Trump's Record On Ukraine
STEVE INSKEEP, HOST:
Here's a relevant question in the House impeachment inquiry. Why does President Trump hold such a negative view of Ukraine? The president has long spoken of Ukraine with suspicion, and his views emerged repeatedly as he demanded investigations in Ukraine. In the very phone call where the president asked Ukraine's leader to look into a political rival, Trump also said Ukraine hasn't helped the U.S. that much. He also talked up conspiracy theories. We now know the president was also blocking military aid to Ukraine and resisting meeting with Ukraine's president. So where did his negative views come from? Here's NPR national security correspondent Greg Myre.
GREG MYRE, BYLINE: Last year, well before the national political conversation turned to Ukraine, former New Hampshire Republican Senator Judd Gregg wrote an opinion piece. It was headlined "How To Impeach Oneself." He was talking about the Russia investigation then but says it applies equally to Ukraine now.
JUDD GREGG: The president's his own worst enemy when it comes to this issue. He simply has this desire to exaggerate and to speak at the margin of reality.
MYRE: Gregg says the president harms himself by rejecting advice of policy experts on complicated questions like Ukraine. Gregg still believes what he wrote a year ago, one of the ways to self-impeach is to bring Rudy Giuliani on to your damage control team.
GREGG: I think Giuliani's a dangerous guy to have around.
MYRE: Both Trump and Giuliani repeatedly say that Ukraine has attempted to sabotage the president. Here's Trump recently on Fox News.
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PRESIDENT DONALD TRUMP: You hear about Ukraine, and you've been hearing about it. I heard Clinton was involved. I heard they got somebody who wrote the fake dossier.
MYRE: This is just one of many times the president suggested that Ukraine, and not Russia, meddled in the 2016 election. Andrew Weiss is with the Carnegie Endowment for International Peace.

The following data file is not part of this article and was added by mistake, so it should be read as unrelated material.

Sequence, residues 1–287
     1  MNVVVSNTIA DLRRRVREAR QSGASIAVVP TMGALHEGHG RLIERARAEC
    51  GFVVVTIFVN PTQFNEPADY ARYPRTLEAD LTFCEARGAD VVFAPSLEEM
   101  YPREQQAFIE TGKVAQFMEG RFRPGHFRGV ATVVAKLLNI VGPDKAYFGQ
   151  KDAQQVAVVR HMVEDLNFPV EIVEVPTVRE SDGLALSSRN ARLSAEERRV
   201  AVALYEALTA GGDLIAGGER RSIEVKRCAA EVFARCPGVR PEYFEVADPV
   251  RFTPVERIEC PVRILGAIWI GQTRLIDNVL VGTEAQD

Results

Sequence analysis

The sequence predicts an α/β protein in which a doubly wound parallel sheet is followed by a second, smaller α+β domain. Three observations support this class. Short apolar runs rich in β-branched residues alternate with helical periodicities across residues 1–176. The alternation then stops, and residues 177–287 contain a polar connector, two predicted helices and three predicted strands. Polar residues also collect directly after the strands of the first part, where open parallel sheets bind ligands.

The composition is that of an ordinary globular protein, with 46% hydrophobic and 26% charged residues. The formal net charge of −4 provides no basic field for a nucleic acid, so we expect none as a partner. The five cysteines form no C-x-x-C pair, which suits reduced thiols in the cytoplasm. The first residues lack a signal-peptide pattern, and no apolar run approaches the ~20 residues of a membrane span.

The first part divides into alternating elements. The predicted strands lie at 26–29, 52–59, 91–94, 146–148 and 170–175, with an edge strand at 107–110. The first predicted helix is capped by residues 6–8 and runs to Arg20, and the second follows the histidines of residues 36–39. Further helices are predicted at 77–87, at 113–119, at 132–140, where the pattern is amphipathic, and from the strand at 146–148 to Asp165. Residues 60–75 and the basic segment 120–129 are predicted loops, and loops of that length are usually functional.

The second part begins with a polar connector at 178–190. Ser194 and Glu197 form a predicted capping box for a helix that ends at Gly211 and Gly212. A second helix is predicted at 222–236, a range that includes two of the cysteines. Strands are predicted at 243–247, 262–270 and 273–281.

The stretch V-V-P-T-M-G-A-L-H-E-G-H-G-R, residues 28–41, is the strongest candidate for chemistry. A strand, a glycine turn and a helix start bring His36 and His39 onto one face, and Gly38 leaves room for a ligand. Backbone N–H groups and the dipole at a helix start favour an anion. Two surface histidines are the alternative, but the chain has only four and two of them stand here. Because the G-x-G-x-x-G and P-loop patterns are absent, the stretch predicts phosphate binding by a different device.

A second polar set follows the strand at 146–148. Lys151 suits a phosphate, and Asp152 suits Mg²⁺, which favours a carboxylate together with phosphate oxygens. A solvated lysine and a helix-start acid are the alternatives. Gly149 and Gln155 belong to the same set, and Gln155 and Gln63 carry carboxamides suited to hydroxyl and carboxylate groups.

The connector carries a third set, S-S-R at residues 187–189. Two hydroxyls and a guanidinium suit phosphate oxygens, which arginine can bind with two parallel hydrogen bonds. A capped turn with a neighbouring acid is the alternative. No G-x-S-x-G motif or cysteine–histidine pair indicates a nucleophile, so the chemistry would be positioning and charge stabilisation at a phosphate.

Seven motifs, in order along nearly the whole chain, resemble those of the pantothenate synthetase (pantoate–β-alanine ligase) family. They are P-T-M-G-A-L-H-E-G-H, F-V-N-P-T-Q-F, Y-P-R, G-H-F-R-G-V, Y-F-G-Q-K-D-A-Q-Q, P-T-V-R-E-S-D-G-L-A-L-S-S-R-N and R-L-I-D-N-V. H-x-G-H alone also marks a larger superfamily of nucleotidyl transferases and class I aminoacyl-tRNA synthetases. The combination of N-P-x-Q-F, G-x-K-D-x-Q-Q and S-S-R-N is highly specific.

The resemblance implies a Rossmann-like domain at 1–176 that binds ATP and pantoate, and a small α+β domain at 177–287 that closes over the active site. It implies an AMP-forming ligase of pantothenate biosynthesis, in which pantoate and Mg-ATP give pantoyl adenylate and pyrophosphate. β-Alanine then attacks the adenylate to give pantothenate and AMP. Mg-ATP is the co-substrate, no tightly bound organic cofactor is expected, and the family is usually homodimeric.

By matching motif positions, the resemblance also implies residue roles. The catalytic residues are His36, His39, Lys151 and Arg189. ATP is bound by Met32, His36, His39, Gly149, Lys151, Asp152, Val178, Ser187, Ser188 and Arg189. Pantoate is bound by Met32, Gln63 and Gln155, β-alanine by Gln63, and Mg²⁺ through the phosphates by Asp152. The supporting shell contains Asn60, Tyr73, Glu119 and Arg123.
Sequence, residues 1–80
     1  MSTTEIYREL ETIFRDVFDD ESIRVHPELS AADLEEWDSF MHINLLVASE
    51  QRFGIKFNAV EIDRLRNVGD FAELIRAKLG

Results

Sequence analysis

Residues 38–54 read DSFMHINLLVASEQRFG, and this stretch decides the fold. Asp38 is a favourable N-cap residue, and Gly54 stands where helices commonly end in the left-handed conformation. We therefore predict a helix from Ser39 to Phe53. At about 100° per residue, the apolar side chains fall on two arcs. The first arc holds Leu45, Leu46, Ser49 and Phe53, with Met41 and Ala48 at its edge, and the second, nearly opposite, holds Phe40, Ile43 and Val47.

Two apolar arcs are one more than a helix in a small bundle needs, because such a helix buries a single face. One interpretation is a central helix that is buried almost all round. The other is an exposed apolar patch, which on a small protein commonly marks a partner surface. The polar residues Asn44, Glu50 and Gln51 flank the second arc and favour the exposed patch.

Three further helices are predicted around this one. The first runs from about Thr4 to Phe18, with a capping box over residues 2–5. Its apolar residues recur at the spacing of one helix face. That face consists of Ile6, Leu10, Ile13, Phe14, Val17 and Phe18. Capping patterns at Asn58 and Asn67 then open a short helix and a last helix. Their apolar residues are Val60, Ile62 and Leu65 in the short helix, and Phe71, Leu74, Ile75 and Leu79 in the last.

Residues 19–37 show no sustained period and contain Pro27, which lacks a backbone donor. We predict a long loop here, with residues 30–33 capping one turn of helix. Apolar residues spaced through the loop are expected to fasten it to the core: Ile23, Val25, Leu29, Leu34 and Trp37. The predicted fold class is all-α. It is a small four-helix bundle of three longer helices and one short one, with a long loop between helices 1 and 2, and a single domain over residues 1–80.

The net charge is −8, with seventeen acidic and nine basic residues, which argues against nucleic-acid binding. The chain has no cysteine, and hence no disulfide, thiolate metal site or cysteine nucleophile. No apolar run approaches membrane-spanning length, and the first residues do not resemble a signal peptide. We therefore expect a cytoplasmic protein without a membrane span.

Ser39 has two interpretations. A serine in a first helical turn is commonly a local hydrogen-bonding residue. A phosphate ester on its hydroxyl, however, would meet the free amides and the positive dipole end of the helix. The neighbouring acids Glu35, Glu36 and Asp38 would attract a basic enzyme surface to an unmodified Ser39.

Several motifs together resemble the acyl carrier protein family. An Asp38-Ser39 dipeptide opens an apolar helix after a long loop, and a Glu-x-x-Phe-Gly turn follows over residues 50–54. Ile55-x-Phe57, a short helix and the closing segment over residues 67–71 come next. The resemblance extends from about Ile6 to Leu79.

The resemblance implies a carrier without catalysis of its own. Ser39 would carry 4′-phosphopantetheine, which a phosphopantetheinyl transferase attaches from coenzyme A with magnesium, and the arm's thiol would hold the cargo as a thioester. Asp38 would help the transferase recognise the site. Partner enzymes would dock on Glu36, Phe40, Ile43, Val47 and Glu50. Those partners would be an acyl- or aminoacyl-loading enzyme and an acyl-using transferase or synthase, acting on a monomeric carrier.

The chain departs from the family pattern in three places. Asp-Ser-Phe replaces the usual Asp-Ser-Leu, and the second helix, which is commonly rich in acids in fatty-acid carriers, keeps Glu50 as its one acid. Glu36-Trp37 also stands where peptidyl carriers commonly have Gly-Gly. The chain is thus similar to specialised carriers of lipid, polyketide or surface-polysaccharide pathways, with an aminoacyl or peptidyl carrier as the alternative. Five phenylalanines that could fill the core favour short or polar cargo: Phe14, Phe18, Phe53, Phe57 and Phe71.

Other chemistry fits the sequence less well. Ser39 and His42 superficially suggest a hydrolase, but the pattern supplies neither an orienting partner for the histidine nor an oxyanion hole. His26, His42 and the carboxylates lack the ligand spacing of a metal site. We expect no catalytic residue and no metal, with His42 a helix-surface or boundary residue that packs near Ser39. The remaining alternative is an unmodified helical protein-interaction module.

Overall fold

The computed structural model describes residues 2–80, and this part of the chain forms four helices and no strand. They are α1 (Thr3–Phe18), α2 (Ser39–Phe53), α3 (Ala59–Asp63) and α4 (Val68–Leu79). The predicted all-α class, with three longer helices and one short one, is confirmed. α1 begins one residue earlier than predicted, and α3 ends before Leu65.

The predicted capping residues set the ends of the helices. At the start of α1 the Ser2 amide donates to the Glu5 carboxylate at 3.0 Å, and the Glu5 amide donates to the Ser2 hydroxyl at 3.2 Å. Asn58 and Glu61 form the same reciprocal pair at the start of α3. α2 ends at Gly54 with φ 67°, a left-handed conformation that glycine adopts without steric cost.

ANDREW WEISS: Trump jumped on the idea that Ukraine was the real problem here, not Russia, and has basically been pushing that since the earliest days of his presidency.
MYRE: Some members of Trump's own team have tried to persuade him that Ukraine wasn't involved. They include Tom Bossert. He was Trump's homeland security adviser for the first year of the presidency. He's speaking here on ABC's "This Week."
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TOM BOSSERT: It's not only a conspiracy theory, it is completely debunked. It sticks in his mind when he hears it over and over again. And for clarity here, let me just again repeat that it has no validity.
MYRE: Ukraine depends on U.S. political and military support in its ongoing war with Russia. Andrew Weiss says it makes no sense for Ukraine to subvert a U.S. president.
WEISS: And the fact that the Trump administration came into office with Donald Trump spouting all sorts of anti-Ukrainian, pro-Russian narratives has been deeply concerning. So for the Ukrainian government the challenge was, basically, how do you channel all of that negative energy from Donald Trump in a more positive direction?
MYRE: Ukraine appeared to have an opportunity when Volodymyr Zelenskiy won the presidency this spring in a landslide. A Trump administration delegation including Energy Secretary Rick Perry attended Zelenskiy's inauguration in May. They were impressed. They tried to persuade Trump that Zelenskiy was serious about fighting corruption and worthy of support. Here's Perry describing his effort.
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RICK PERRY: I asked the president multiple times, Mr. President, we think it is in the United States' and in Ukraine's best interest that you and the president of Ukraine have conversations, that you discuss the options that are there.
MYRE: Yet, afterward, the White House ordered a suspension of military aid to Ukraine. And when Trump spoke with Zelenskiy on July 25, the U.S. president asked for a favor, a corruption investigation of Joe Biden and his son. All this will come under scrutiny today with public testimony at the impeachment inquiry. Greg Myre, NPR News, Washington. Transcript provided by NPR, Copyright NPR.